Close encounters with Nijinsky: Hamburg Ballet’s outstanding Australian premiere

For his ballet, Nijinsky, the choreographer, John Neumeier burrows deep into the mind of the great dancer to tell of his descent into madness.

Through intimate encounters and choreographed landscapes depicting Nijinsky’s memories and fears, the life of the dancer is brought to the stage in the dance equivalent of a stream of consciousness.

The audience can empathise with Nijinsky as he speaks through dance of his confusion and passions, while also observing his disintegration, as if they are watching a human exhibit in a gallery.

This week’s Australian premiere of Neumeier’s work, created for his Hamburg Ballet in 2000, was a fine showcase for the company and a powerful example of the way in which Neumeier’s dancers bring intense focus to their task. Their performances demonstrate their innate ability to reach the audience through their acting skills as well as their accomplishment as classically trained ballet dancers.

Dancing as Nijinsky, Alexandre Riabko’s performance was a tour de force that called on both mental and physical stamina. With his clean technique and breadth of movement, Riabko projects to the back of the house. But through gesture and facial expression, he also draws attention to the vulnerability of Nijinsky – the way in which he was both manipulated and adored by Diaghilev and protected with more tender affection by his wife, Romola.

The ballet begins at the Suvretta House, a St Moritz hotel where Nijinsky gave his last public performance in 1919. He takes his place on a chair and stares into space as a smattering of hotel guests watch, squirming slightly in their own chairs in embarrassment and confusion.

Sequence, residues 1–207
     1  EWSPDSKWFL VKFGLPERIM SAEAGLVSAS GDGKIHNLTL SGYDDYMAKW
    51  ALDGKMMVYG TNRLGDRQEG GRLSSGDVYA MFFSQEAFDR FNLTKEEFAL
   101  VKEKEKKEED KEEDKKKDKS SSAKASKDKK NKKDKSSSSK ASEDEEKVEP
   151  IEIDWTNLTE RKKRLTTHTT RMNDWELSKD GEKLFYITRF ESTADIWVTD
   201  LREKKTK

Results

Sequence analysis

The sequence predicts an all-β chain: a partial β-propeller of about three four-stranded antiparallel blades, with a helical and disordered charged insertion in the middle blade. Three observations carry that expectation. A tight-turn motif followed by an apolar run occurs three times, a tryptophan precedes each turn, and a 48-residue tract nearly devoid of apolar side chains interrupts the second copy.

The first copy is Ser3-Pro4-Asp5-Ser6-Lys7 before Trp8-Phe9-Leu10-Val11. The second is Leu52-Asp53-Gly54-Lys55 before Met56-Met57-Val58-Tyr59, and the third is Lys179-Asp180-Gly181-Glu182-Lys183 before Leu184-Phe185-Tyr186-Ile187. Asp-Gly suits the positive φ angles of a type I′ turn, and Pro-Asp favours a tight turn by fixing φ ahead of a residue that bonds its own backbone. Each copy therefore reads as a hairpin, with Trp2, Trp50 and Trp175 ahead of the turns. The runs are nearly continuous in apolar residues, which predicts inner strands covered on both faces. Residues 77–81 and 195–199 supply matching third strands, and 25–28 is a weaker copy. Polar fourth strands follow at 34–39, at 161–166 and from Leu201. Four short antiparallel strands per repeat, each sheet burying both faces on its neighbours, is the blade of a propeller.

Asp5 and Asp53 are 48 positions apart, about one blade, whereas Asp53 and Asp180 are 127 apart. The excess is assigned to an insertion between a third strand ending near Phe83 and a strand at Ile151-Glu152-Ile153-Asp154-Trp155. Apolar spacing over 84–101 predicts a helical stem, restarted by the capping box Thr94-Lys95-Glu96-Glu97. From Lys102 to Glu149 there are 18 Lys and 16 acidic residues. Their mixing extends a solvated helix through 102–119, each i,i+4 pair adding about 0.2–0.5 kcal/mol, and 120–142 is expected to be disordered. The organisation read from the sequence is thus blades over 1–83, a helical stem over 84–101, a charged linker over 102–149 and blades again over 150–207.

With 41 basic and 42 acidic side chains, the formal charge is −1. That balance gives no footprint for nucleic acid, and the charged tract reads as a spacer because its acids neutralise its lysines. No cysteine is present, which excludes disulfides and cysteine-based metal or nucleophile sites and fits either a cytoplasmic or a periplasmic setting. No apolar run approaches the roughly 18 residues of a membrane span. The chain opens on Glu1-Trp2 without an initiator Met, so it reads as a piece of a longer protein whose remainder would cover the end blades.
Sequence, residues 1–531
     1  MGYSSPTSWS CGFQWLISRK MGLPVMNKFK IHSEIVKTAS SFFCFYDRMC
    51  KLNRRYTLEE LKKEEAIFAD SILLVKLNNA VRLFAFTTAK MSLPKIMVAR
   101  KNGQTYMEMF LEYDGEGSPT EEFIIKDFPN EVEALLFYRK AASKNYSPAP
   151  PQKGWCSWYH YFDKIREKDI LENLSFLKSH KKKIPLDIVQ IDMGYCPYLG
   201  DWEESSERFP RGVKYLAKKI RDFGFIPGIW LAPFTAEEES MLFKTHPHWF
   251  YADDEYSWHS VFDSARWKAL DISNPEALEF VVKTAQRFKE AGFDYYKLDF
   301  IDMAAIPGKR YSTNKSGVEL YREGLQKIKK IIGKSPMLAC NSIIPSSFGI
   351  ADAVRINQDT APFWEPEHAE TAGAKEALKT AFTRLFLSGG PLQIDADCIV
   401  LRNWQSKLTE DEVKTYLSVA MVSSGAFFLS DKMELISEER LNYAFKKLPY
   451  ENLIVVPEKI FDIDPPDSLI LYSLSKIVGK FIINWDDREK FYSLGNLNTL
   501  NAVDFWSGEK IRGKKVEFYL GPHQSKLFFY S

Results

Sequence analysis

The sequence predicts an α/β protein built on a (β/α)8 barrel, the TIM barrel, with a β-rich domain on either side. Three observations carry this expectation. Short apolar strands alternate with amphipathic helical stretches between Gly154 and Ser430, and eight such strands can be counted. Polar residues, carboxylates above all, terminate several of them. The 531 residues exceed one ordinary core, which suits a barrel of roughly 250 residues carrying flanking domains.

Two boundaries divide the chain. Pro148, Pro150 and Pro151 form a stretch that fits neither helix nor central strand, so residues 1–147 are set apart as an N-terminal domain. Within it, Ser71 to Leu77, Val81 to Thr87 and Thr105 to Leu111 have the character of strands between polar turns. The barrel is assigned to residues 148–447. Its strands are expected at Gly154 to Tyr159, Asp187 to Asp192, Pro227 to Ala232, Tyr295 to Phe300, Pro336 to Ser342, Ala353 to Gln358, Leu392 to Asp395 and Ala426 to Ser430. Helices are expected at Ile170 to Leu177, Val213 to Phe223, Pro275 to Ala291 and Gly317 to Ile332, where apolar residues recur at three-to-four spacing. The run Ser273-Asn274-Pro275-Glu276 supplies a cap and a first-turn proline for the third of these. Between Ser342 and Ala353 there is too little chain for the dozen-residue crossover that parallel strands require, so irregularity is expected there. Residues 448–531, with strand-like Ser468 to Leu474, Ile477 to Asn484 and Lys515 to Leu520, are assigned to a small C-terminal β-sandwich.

When Nijinsky finally stands, he dances with gawky tension, then, more elegantly, displays his once great virtuosity, until he thinks he sees Diaghilev watching from a balcony.

The glimpse is like a bullet to his head. From that moment, the ballet moves into the past, as Nijinsky recalls his days in Russia, his erotic encounters with Diaghilev, his meeting with Romola, their marriage, his memories of his family and finally his collapse into a husk of a man, pulled across the stage on a small trolley, like a drugged animal.

Throughout the two acts of the ballet, a ghostly audience dressed in Edwardian attire threads its way through the scenes, moving in slow motion as they applaud Nijinsky’s performances.

The dancers playing the main roles of Nijinsky (Riabko), Romola (Anna Polikarpova), and Diaghilev (Ivan Urban), are long standing members of the Hamburg Ballet and have danced in these roles many times. Their familiarity with the roles is to their advantage and it’s a pleasure to see dancers with this level of maturity.

Polikarpova, in particular, is the kind of dancer-actor beloved by the late Pina Bausch- melancholy, watchful, gracious, then at breaking point near the end as she dances a little charleston while trying to deal with Nijinsky’s final collapse.

Another Hamburg Ballet veteran, ballet master, Lloyd Riggins, dances the role of Petrushka in a black and white, funereal version of Nijinsky’s original colourful costume in that ballet.

In this role, Riggins is also a harbinger of death, dancing with soldiers wearing unbuttoned military jackets. The soldiers are ghosts in Nijinsky’s mind as he recalls the bloodshed of the first world war.